• Increased integration possibilities and flexibility to receive feeds and alerts on entities in cases. In a sales process, we would like to be alerted about a contact on a black list ( a payment backlog). Here we likewise want alerts on for example suspects or involved cars – also available on blacklists and watch lists. We would like to receive alerts even.


  • Integration with Governance, Risk management and Controlling functions is needed. We need to conduct work in a proper way. Governance here means keeping track of the do’s and don’ts and is a major headache for police management. Non-compliance reaches the headlines pretty soon! Here we have a myriad of legal rulings. We see a dynamic relationship, but also one bound to many rules and regulations (compliance). The situation is aggravated because of the need to collaborate in ongoing relationships in a sort of supply chain.


  • Entities [a Singer Formerly Known as] overlap [Prince] and now all at once must remain so – Identity Resolution takes a new role here. In traditional CRM we would like to unify our contacts immediately, see them as similar identities on channels for instance.


  • Elaborate Role/Access Management and hiding of entities. In an investigation, there is need for covert actions. This might relate to the type of case, but restricting insight in the case strategy and actions might also be required by law. This means that the traditional rather open data-structures needs to be enhanced with enhanced role-based access to data beyond that provided by CUA and IM.

For such reasons, just having a static ERP-like case management solution in standard CRM and a traditional Public Security Industry Solution do not fit. Our clients require more flexibility, that only a new platform could provide. For that reason the capabilities that SAP CRM 7.0 provided, showed the way out of the often counter-intuitive requirements. The above list of capabilities have been integrated in Investigative Case Management (ICM) case even though similar functions in CRM case are often implemented differently.

As a member of the Business Process community, you will have found some common ground here. Execution of investigations, whether in the police arena – or even in fighting fraud at an insurance agency – is moving to a similar integrated way of working as modern commercial organizations. And hence will benefit from integrated business platforms.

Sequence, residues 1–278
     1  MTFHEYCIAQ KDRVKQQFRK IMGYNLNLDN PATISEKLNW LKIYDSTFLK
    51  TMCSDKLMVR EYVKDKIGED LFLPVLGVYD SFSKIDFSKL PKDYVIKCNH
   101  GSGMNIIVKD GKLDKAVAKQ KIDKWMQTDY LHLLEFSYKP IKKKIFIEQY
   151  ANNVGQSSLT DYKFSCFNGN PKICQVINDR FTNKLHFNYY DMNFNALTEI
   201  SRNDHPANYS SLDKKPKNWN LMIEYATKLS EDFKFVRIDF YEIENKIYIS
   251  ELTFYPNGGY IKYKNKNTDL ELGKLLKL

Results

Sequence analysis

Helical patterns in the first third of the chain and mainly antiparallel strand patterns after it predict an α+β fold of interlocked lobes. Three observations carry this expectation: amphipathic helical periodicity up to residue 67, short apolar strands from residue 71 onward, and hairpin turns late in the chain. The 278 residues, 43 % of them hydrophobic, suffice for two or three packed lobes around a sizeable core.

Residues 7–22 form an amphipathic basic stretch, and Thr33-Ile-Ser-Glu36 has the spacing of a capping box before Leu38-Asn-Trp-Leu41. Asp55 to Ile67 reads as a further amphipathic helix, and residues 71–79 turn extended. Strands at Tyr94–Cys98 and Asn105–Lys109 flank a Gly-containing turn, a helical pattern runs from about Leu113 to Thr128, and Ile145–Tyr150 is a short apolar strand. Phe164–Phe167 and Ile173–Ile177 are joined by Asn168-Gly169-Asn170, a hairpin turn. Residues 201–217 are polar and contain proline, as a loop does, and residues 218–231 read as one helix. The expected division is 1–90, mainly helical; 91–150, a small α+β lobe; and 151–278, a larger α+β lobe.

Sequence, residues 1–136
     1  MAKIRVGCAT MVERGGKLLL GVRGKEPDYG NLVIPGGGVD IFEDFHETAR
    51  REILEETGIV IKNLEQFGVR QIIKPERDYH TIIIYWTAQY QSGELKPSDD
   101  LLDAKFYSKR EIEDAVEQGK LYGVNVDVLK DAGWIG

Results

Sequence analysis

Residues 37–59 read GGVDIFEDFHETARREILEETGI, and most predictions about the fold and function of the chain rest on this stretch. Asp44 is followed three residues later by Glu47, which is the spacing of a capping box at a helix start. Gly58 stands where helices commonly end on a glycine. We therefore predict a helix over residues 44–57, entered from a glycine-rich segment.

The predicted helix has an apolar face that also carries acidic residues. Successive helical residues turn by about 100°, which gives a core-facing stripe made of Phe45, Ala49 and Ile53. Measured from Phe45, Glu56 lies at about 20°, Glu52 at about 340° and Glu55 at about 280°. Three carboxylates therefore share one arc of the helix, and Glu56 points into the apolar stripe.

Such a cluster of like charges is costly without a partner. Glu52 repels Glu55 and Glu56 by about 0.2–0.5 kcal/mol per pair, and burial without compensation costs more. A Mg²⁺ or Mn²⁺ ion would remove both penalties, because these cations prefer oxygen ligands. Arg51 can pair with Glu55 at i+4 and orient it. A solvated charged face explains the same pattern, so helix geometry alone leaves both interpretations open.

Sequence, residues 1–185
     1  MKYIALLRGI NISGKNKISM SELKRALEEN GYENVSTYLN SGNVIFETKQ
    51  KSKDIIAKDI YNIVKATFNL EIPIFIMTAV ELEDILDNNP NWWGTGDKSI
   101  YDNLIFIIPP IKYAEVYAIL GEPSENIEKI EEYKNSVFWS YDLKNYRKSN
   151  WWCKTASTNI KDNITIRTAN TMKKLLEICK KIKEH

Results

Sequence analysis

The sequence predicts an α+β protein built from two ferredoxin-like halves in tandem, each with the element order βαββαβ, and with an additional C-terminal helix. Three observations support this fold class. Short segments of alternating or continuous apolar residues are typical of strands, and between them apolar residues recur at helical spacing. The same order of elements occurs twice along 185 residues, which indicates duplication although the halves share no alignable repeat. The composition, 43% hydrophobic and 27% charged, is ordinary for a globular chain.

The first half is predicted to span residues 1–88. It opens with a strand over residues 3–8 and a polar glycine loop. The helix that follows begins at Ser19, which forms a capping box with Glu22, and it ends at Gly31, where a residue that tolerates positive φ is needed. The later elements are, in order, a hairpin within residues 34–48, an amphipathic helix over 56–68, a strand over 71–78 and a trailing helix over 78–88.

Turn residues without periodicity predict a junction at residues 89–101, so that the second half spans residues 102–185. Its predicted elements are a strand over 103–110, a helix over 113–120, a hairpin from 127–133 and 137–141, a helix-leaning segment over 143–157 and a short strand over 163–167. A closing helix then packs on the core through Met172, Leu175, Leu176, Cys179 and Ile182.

Special features for ICM that are now possible in SAP Business Suite 7.0

There is quite a challenge. Can we face this with ease?


The new Investigative Case Management solution of SAP (ICM) has several standard business scenario’s: an Identity Management and Resolution scenario (role and type determination); a Criminal Investigation Processing and Operations scenario (instigation and investigations); and an Operations and Resource Management scenario (for major crimes). It seems the new module must fit many markets. The question is, if it is flexible enough to do just that.


With SAP Business Suite 7.0, many new functionalities can be provided to an agency. SAP ICM provides support for the main elements of an investigation using standard business objects like the case, the business partner, objects and activities. All of which were already available in the previous versions of SAP CRM. Considering the context of an investigative case objects like the SAP business partner have been extended to register physical descriptions as well as alternate identities. This means that the new ICM case leverages quite some new capabilities of CRM 7.0.


The big differences of ICM in the new SAP Business Suite 7.0 are not found in just a few additional fields. The most important new features in SAP ICM are to be found in the basic concept of a new process support, case flexibility, locations registration, relations and reliability, graphics, dynamic authorizations and cross entity search functionality.


Some highlights of SAP ICM: